A Foreign Office spokesperson said yesterday: “We are aware of and urgently seeking clarification from the Sudanese authorities of reports that Meriam Ibrahim is to be freed. We have been strongly urging the government of the republic of Sudan to do all it can to overturn its decision to sentence her to death.”

Start your day with The Independent, sign up for daily news emails
Have you tried new the Independent Digital Edition apps?
News
ebooksAn unforgettable anthology of contemporary reportage
Latest stories from i100
Have you tried new the Independent Digital Edition apps?
Independent Dating
and  

By clicking 'Search' you
are agreeing to our
Terms of Use.

iJobs Job Widget
iJobs General

Recruitment Genius: Digital Communications Manager

£25000 per annum: Recruitment Genius: A 6-month part-time contract (24 hours a...

Recruitment Genius: Trainee Vehicle Inspectors / Purchasers

£20000 - £40000 per annum: Recruitment Genius: Trainee Vehicle Inspectors / Pu...

Recruitment Genius: Trainee Vehicle Broker

£12000 - £18000 per annum: Recruitment Genius: A Trainee Vehicle Broker is req...

Recruitment Genius: Customer Service / Data Capture / Telesales

£12000 - £18000 per annum: Recruitment Genius: This is an exciting opportunity...

Day In a Page

Sepp Blatter resignation: The beginning of Fifa's long road to reform?

Does Blatter's departure mean Fifa will automatically clean up its act?

Don't bet on it, says Tom Peck
Charles Kennedy: The baby of the House who grew into a Lib Dem giant

The baby of the House who grew into a Lib Dem giant

Charles Kennedy was consistently a man of the centre-left, dedicated to social justice, but was also a champion of liberty and an opponent of the nanny-state, says Baroness Williams
Syria civil war: The harrowing testament of a five-year-old victim of this endless conflict

The harrowing testament of a five-year-old victim of Syria's endless civil war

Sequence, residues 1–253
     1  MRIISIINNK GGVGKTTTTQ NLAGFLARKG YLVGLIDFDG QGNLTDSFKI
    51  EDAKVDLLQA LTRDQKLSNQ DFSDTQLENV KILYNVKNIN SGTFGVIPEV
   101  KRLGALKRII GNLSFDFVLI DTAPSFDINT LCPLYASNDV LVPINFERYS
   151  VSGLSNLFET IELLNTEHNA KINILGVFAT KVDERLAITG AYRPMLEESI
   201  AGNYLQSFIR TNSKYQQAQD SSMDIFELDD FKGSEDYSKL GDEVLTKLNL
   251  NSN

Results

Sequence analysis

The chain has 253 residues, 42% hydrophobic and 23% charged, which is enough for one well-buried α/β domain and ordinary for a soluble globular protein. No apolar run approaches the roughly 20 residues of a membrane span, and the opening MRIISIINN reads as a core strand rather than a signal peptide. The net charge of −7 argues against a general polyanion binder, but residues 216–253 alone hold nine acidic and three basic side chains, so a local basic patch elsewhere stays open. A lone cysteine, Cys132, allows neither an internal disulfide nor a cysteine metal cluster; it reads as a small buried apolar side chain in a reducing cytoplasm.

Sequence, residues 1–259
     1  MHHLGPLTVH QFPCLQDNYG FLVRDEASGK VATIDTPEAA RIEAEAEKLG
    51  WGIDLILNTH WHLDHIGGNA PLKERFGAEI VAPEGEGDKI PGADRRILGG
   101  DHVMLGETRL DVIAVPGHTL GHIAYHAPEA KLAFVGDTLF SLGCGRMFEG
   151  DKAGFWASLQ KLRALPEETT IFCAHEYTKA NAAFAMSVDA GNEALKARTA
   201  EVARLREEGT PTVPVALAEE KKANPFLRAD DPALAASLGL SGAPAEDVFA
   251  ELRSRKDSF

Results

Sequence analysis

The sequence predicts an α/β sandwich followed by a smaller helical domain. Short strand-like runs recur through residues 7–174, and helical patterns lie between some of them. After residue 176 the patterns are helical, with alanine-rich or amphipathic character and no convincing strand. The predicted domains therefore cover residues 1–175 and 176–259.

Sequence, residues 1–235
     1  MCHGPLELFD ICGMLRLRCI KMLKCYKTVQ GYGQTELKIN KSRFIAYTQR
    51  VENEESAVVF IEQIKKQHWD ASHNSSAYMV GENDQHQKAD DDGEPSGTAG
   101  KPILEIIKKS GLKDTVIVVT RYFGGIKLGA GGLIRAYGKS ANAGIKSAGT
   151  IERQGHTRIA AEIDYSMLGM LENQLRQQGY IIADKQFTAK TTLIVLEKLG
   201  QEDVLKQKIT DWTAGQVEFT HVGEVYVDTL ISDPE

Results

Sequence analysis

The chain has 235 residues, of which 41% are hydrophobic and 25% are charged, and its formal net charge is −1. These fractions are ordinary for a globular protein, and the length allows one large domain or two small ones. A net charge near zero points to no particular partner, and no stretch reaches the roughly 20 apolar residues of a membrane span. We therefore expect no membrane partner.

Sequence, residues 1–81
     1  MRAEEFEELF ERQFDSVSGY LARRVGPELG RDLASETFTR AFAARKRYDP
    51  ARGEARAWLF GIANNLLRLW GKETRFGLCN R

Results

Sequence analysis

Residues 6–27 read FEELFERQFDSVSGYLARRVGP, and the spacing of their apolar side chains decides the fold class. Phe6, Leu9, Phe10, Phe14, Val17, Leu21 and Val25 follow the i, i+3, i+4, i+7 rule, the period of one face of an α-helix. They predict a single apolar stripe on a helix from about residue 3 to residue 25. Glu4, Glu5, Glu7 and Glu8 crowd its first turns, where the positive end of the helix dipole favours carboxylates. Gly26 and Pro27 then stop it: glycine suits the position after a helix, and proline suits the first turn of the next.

Sahar Qanbar lost her mother and brother as civilians and government soldiers fought side by side after being surrounded by brutal Islamist fighters. Robert Fisk visited her
The future of songwriting: How streaming is changing everything we know about making music

The future of songwriting

How streaming is changing everything we know about making music
William Shemin and Henry Johnson: Jewish and black soldiers receive World War I Medal of Honor amid claims of discrimination

Recognition at long last

Jewish and black soldiers who fought in WWI finally receive medals after claims of discrimination
Beating obesity: The new pacemaker which helps over-eaters

Beating obesity

The new pacemaker which helps over-eaters
9 best women's festival waterproofs

Ready for rain: 9 best women's festival waterproofs

These are the macs to keep your denim dry and your hair frizz-free(ish)
Cycling World Hour Record: Nervous Sir Bradley Wiggins ready for pain as he prepares to go distance

Wiggins worried

Nervous Sir Bradley ready for pain as he prepares to attempt cycling's World Hour Record
Liverpool close in on Milner signing

Liverpool close in on Milner signing

Reds baulk at Christian Benteke £32.5m release clause
On your feet! Spending at least two hours a day standing reduces the risk of heart attacks, cancer and diabetes, according to new research

On your feet!

Spending half the day standing 'reduces risk of heart attacks and cancer'
With scores of surgeries closing, what hope is there for the David Cameron's promise of 5,000 more GPs and a 24/7 NHS?

The big NHS question

Why are there so few new GPs when so many want to study medicine?
Big knickers are back: Thongs ain't what they used to be

Thongs ain't what they used to be

Big knickers are back
Thurston Moore interview

Thurston Moore interview

On living in London, Sonic Youth and musical memoirs
In full bloom

In full bloom

Floral print womenswear
From leading man to Elephant Man, Bradley Cooper is terrific

From leading man to Elephant Man

Bradley Cooper is terrific